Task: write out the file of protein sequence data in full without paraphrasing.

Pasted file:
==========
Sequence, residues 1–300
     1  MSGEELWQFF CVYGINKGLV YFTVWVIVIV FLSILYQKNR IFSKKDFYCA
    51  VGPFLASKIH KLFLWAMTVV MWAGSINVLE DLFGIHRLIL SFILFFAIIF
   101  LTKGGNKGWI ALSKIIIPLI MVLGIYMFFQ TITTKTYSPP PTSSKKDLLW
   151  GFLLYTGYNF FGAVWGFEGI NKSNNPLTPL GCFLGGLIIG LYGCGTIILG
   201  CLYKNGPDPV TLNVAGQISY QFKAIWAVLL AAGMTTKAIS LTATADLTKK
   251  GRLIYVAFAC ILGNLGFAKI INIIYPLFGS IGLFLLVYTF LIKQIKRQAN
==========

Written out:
Sequence, residues 1–300
     1  MSGEELWQFF CVYGINKGLV YFTVWVIVIV FLSILYQKNR IFSKKDFYCA
    51  VGPFLASKIH KLFLWAMTVV MWAGSINVLE DLFGIHRLIL SFILFFAIIF
   101  LTKGGNKGWI ALSKIIIPLI MVLGIYMFFQ TITTKTYSPP PTSSKKDLLW
   151  GFLLYTGYNF FGAVWGFEGI NKSNNPLTPL GCFLGGLIIG LYGCGTIILG
   201  CLYKNGPDPV TLNVAGQISY QFKAIWAVLL AAGMTTKAIS LTATADLTKK
   251  GRLIYVAFAC ILGNLGFAKI INIIYPLFGS IGLFLLVYTF LIKQIKRQAN